SECTION  VI: INTRODUCTION TO PIC ASSEMBLY PROGRAMMING

  • SECTION  VI-1: Introduction to PIC Assembly Programming
  • SECTION  VI-2: Structure of Assembly Language
  • SECTION  VI-3: Assembling and Linking a PIC Program
  • SECTION  VI-4: asm, err, and Object Files in PIC
  • SECTION  VI-5: "lst" and "map" Files in PIC
  • SECTION  VI-6: The Program Counter and Program ROM Space in PIC
  • SECTION  VI-7: ROM Memory map in the PIC18 Family
  • SECTION  VI-8: Where the PIC Wakes Up when it is Powered Up
  • SECTION  VI-9: Placing Code in Program ROM
  • SECTION  VI-10: Executing a Program Byte by Byte
  • SECTION  VI-11: ROM Width in the PIC18
  • SECTION  VI-12: Harvard Architecture in the PIC
  • SECTION  VI-13: Instruction Size of the PIC18 MOVLW Instruction Formation
  • SECTION  VI-14: Instruction Size of the PIC18 ADDLW Instruction Formation
  • SECTION  VI-15: Instruction Size of the PIC18 MOVWF Instruction Formation
  • SECTION  VI-16: Instruction Size of the PIC18 MOVFF Instruction Formation
  • SECTION  VI-17: Instruction Size of the PIC18 GOTO Instruction Formation
  • SECTION  VI-18: Coming from other microprocessors to the PIC18
  • SECTION  VI-19: The RISC Architecture in the PIC
  • SECTION  VI-20: Features of RISC Architecture in the PIC
  • SECTION  VI-21: Viewing Register and Memory With MPLAB Simulator

       

      Basic Introduction of Chapter # 3

      This Chapter will began with an exploration of the major registers of the PIC, including WREG, SFR's, and general-purpose data RAM, and the program counter. The use of these registers will be demonstrated in thr context of programming examples. The process of creating an assembly language program will be described from writing the source files, to assembling it, linking, and executing the program. The program counter register always points to the next instruction to be executed. The way the PIC uses program ROM space will be explored. PIC assembly language programmers must be aware of where programs are placed in ROM, and how much memory is available.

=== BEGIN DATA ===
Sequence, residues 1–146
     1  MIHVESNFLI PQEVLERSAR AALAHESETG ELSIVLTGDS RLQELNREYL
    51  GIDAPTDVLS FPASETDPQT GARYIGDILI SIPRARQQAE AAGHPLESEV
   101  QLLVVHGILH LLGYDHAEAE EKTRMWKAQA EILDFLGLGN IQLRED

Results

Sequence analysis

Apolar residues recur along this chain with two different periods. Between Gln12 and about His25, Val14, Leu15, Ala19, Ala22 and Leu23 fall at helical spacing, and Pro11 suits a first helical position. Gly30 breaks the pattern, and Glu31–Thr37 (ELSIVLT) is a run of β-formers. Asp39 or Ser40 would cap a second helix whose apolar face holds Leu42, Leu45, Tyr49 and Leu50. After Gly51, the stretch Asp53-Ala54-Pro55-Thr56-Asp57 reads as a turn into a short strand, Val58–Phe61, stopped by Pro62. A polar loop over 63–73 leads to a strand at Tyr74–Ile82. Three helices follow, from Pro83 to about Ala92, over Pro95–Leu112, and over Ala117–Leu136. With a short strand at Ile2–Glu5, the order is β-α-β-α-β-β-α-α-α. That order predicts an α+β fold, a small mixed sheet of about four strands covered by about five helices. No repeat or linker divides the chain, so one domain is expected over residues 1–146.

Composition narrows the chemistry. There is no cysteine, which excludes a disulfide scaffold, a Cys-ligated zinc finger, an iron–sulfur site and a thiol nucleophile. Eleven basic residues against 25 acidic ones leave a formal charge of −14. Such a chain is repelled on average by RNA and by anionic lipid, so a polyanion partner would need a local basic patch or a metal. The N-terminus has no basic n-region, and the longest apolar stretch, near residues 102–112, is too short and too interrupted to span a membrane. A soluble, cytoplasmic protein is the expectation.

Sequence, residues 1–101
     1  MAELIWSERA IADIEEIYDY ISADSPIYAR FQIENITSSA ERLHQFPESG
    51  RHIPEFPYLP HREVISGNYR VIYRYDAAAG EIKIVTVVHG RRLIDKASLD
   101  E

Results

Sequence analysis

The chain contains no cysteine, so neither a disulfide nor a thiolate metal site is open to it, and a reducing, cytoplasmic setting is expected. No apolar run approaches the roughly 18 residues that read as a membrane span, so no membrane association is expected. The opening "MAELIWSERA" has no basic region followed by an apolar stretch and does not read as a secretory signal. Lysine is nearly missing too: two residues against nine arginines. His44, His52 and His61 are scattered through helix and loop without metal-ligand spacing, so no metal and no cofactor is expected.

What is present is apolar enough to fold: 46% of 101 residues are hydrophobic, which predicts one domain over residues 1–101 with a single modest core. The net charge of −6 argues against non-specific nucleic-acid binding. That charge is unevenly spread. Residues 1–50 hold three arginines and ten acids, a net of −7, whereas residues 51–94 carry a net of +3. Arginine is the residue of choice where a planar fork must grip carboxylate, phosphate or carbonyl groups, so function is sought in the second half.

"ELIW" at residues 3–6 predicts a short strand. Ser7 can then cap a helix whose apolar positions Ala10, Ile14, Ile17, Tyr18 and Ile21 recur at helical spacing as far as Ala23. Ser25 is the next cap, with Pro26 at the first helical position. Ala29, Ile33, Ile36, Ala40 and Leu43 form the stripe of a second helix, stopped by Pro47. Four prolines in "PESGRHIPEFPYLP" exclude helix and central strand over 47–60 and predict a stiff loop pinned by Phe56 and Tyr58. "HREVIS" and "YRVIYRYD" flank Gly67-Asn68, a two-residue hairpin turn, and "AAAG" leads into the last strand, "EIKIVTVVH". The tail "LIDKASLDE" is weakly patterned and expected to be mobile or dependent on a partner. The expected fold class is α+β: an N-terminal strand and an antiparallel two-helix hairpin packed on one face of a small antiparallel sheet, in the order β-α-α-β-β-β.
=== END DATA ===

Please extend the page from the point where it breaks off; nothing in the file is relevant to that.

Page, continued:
An assembly language program is composed of a series of statements that are either instructions or pseudo-instructions, also called directives. Instructions are translated by the assembler into machine code. Pseudo instructions are not translated into machine code. They direct the assembler in how to translate instructions into machine code. Some pseudo instructions, called data directives, are used to define data. Data is allocated in byte size increments. The data can be in a binary, hex, decimal, or ASCII formats.

      Flags are useful to programmers because they indicate certain conditions, such as carry or zero, that result from execution of instructions. The concepts of RISC and Harvard architectures were also explored.

      The RISC architecture allows the design of much more powerful micro controllers. It has a simple instruction set and uses of a large number of registers. Harvard architecture allows us to bring more code and data to the CPU faster. The use of a wider data in the PIC18 allows us to fetch an instruction every every cycle because the PIC instructions are typically 2 bytes.

       

      More From Iamtechnical.com

      Facebook Like For Iamtechnical.com !